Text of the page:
My harvests have included lemons and limes an orange (last to ripen) all of the citrus totals to about 15 pounds. There is still more on the tree but maybe only another 10 pounds to come. I also harvested the last of my bush sweet potatoes. I left the purple ones out in the garden as they were flowering profusely. Hopefully I'll still manage a few more tubers from them. I also pulled up all the mint in the garden. It was invading the grass and I just decided it's time to start over. While the raised beds are doing fine the other beds are looking run down and shabby. I wasn't able to beat whatever fungus has taken a hold of the dirt and so it sits. I'm sure to replant soon enough and maybe the drier winter weather will help.
In the raised beds I've got cauliflower, broccoli and brussel sprouts growing. It the first time for the sprouts for me. Hubby adores them and the kids and I - well... they are edible I guess. LOL. Then again, I despise cabbage, go figure! There are a few carrots out there as well, but the seed was old so not a ton of the have sprouted. I'll just keep reseeding them until it's too warm. I need to get rid of the old seed before I purchase new anyhow!
A couple of my blueberry bushes are bare now and a few are already forming buds (BAD!) We just got our first frost this morning and it was unexpected. With a temperature of 45* it shouldn't have happened. Strange how fickle Mother Nature is. I hope my tomato plant is still alive tomorrow!
Thanksgiving was interesting. This year we were able to harvest our turkey from the property. It was really something special for us.The hunting season is not normally open for turkey in the fall where the property is, so this was the first opportunity we've had to do this. While we have enough land and no one bothers us, we would never risk losing our hunting capabilities for a turkey dinner taken illegally. I'm so happy that the state opened a 3 day window for turkey just before Thanksgiving. For the first time we were able to put a turkey that we harvested their on our property on the table for Thanksgiving. I can't think of any better way to celebrate a Thanksgiving or anything to be more thankful for. It really opened our hearts and made us feel even closer to the land.
Now, I've heard so many people talk about how wild turkey is virtually inedible. Doesn't taste right, it's tough, it's this or that. Most people that hunt turkey do so more for sport and it sickens me. Other people harvest only the breast meat and they deep fry it. But, I'm here to tell you that it IS worth eating. It IS good food! AN,d it can be cooked like any other turkey. It just takes a little prep time. We harvested our turkey on Monday. On Tuesday I put it in a brine. (LOVELY brine I might add, Thanks Pioneer Woman for the recipe!) On Wednesday I flipped the bird in the brine and on Thursday I put it in the roaster. It didn't fit. SURPRISE! So I hauled out the counter top extra large roaster... it still didn't fit! I put the top on it and then had to weight the top down with pots, making my cooking even more precarious than normal. I'm klutzy enough on my own after all. After about an hour the whole house smelled divine. After 2.5 hours we started picking off done pieces. By the time we actually served the turkey? HA! We had already eaten a third of it. :-) Was it tough and dry? By the standards of saline injected turkeys that never leave a 10'x10' enclosure and are harvested by 6 months of age, yes. It was tougher. BUT it was not so tough as to be any kind of deterrent to doing it again. Besides, the fact that the lid did not fit on the roaster correctly surely contributed to the dryness because the moisture was not contained. It was delicious! It was not the kind of dry that I've had from plenty of other grocery store turkeys.It was not as tough as the first turkey I ever cooked. LOL. And it will definitely be something that we strive to do every Thanksgiving now.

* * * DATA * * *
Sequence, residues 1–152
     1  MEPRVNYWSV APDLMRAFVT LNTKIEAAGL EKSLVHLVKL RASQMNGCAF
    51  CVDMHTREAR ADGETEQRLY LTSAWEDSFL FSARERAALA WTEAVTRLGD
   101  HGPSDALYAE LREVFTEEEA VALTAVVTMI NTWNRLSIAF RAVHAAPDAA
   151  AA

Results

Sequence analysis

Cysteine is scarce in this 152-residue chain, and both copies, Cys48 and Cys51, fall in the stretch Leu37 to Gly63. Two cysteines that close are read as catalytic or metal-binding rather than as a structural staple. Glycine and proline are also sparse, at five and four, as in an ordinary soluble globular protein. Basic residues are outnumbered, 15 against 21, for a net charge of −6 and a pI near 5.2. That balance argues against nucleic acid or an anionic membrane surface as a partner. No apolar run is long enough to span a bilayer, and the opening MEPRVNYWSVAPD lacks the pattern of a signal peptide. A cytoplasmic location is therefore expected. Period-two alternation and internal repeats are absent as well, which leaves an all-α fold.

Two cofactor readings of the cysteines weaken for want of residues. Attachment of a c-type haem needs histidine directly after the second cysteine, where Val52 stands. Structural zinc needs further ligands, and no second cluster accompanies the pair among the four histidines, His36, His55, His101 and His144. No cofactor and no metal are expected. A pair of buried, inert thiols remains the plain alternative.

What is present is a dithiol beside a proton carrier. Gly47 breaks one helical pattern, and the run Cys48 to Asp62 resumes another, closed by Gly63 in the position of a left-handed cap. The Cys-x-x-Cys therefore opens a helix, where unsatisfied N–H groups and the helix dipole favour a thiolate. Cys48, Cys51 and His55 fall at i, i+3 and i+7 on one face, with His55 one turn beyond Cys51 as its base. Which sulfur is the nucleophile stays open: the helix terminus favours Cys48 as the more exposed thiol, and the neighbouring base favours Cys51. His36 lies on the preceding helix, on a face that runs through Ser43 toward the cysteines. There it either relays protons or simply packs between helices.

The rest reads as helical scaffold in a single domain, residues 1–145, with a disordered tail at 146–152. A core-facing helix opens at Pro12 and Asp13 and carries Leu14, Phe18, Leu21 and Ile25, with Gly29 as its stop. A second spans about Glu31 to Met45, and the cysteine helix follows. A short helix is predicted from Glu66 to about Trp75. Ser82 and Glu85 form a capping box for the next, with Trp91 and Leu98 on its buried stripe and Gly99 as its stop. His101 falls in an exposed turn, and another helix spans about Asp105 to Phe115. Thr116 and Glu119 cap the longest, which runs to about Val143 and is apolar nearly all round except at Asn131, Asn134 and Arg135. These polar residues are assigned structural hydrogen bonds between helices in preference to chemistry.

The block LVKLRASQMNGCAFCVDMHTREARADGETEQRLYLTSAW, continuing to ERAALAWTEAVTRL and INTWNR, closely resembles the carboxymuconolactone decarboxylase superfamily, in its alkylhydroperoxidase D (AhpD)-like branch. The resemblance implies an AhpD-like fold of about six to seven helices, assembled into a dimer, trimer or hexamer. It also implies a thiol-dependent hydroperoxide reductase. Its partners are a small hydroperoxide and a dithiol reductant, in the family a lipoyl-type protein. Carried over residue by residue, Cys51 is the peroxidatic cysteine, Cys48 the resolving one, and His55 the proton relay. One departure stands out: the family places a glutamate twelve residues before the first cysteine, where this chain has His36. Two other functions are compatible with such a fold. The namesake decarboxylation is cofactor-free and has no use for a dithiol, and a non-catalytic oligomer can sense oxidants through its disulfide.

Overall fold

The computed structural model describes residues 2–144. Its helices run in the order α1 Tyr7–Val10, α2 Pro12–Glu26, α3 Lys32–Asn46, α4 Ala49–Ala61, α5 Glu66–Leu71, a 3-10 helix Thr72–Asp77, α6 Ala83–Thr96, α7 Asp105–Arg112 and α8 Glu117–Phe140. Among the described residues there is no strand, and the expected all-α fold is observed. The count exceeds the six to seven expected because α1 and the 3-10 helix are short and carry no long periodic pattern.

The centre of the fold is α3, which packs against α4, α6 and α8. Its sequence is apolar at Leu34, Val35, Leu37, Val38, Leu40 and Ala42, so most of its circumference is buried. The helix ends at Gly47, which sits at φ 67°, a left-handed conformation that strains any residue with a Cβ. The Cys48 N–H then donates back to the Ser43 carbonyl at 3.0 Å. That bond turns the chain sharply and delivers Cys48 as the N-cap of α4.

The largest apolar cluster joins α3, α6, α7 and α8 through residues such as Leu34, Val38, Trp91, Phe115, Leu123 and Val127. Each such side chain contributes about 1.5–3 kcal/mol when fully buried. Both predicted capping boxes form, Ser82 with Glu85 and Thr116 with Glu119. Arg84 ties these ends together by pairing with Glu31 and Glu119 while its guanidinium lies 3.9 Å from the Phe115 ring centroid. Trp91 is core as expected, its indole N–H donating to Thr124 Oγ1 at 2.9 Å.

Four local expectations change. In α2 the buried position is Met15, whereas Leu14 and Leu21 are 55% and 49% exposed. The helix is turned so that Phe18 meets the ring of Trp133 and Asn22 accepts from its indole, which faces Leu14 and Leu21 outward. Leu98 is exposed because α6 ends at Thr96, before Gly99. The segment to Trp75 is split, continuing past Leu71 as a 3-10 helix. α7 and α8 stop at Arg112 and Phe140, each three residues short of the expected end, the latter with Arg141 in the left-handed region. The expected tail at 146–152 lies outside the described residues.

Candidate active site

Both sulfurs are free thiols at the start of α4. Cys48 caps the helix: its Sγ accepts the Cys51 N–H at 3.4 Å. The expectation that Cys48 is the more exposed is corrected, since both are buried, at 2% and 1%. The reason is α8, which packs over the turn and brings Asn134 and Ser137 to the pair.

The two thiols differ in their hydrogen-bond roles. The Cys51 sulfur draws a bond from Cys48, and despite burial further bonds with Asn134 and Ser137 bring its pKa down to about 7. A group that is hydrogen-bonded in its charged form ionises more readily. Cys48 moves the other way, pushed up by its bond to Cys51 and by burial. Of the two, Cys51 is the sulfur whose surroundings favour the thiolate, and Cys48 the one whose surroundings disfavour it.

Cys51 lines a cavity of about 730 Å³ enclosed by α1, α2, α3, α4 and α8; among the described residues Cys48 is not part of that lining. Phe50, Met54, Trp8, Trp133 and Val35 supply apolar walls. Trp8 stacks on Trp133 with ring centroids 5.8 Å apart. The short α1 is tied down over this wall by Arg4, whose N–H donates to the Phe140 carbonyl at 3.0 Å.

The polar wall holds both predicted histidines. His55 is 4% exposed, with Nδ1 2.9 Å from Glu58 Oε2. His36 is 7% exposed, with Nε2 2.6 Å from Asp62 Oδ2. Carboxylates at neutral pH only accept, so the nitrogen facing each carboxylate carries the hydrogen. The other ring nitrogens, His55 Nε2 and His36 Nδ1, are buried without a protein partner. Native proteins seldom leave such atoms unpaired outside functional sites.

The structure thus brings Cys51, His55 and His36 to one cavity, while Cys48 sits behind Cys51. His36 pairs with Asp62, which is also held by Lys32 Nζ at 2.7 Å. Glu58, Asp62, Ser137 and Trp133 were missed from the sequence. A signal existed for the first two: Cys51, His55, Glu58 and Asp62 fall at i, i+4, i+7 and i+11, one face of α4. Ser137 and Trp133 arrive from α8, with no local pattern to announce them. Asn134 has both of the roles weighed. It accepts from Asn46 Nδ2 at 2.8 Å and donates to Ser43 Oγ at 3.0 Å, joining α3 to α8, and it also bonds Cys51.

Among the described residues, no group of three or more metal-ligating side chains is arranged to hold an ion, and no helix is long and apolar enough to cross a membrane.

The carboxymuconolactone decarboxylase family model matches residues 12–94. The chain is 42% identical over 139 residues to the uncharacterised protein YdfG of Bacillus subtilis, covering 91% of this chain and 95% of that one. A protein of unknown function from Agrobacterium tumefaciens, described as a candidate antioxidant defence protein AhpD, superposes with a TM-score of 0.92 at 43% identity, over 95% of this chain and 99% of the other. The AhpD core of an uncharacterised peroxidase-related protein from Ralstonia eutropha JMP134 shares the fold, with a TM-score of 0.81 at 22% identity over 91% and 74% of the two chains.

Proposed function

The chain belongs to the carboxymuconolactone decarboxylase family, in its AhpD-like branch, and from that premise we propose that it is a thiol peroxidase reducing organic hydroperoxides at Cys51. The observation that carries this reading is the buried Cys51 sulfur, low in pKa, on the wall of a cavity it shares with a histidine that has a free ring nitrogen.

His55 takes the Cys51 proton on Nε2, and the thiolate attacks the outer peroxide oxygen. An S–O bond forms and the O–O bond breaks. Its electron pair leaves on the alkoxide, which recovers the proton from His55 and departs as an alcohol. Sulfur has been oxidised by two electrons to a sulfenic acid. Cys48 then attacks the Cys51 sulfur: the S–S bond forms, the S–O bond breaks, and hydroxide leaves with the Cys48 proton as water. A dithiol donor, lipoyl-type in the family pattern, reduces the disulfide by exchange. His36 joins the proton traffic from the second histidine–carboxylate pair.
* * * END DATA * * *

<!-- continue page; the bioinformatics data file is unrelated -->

As for pics? Thought you'd never ask! Besides, I wanted to give those squeamish people a chance to read first. My son Troy harvested this bird, and I couldn't have been prouder.
There was only one issue with this harvest. It made my heart sore. Not because we took the life of this beautiful bird. Never that. The bird was fed by us the last few months and we not only enjoy the meat but we are very thankful for the birds sacrifice.
My heart was sore because after Thanksgiving and this wonderful experience we had to turn around 2 days later and LEAVE. My heart, my soul, does not belong here in the city. Pollution makes me sick - quite literally here. I can't stand the constant push and shove. Rude people, traffic, noise...UGH.
Please, don't get me wrong. I KNOW the life I want is a hard life. Living off the land is not easy. By no means do I think it's a fairy tale I'm asking for. But, the ability to slow down, breathe fresh air, SEE the stars at night? I'd rather be working outside than in. So I am heart-sore as my children are every time we leave. I always knew I wanted to move there, but right here and now it's more that. I need to. So, we readjust our way of thinking and look again at our timeline, but no matter how we look at it in order to move we must first build, and at least one of us needs a good job there. Building there cannot happen right now, much less not having insurance or an income.
We took on the responsibility so we will stick it out here even though we both want this other life. Now, I just need to find something to focus on here so I can get back in the game.
See you soon,